Penultimate Monday, minister of special duties Tanimu Turaki announced in a radio interview that the federal government had signed a ceasefire pact with Boko Haram. In another interview with the local media, published Tuesday, Turaki modified his earlier statement, saying the panel had yet to sign a pact with the sect but had reached an “understanding” with the insurgents.
These statements are patently contradictory and forebode an ominous rapprochement. It would be interesting to know the terms and conditions for ceasefire and the would-be obvious resultant processes of disarmament. People are concerned. -- and they have every reason to be. It is awkward that the minister said the sect had already declared a ceasefire ahead of the formal endorsement of a pact.
It may well be that the honourable minister was merely justifying the failure of his Committee on Dialogue and Peaceful Resolution of Security Challenges in the North. The committee was inaugurated on April 24 and has been bedevilled with a credibility crisis. Some nominees have resigned from the arduous task. From its media interface, it is easy to deduce that the committee will not be able to identify and constructively engage key leaders of the sect/insurgents. Almost three months on, the committee is still groping in the dark. It claimed to have met the arrowheads of the sect including detained Kabiru Sokoto who denied ever meeting the minister and his team. The insurgents have kept throwing bombs, slaughtering people and shooting at security men and civilians and attacking security formations, public schools and worship places.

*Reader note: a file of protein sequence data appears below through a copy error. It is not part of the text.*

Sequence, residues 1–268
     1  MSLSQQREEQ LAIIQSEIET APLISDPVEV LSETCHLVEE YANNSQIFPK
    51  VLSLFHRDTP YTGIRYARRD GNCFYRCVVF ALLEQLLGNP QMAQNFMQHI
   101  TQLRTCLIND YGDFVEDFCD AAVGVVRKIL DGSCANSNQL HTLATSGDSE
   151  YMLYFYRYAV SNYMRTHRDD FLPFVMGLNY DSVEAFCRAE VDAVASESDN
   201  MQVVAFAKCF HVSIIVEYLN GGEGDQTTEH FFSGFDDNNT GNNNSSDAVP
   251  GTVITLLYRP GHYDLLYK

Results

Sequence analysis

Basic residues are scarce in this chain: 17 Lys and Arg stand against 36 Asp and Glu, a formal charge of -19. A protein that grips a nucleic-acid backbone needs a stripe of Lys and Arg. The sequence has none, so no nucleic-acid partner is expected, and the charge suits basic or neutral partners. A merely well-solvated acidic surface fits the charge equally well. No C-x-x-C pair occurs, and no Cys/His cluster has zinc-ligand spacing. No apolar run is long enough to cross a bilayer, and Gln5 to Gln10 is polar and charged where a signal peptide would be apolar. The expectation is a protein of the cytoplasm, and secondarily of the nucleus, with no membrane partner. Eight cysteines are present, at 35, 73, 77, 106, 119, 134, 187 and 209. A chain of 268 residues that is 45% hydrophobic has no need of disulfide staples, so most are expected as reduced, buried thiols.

This is not the first time the kite of a ceasefire would be flown. Last January, a faction of Boko Haram through the organisation’s supposed second-in-command (southern and northern Borno), Muhammed Abdulaziz, in a statement, cited dialogue with the Borno State government as reason for a ceasefire. The leadership went on to deny this, and, to drive home their point, they intensified attacks.
The insurgents supposedly believe the committee is one not meant to serve as a trap for them. The fasting of the month of Ramadan was also cited. These are as suspect as they are suspicious.
The federal government should be cautious and not be hoodwinked into a purported ceasefire “understanding” that is not enforceable. The leaders of Boko Haram, if they are serious, should lay down their arms and surrender themselves to security operatives. We also believe that if there is any sincerity in the purported ceasefire agreement, Nigerians will need to know the terms and conditions.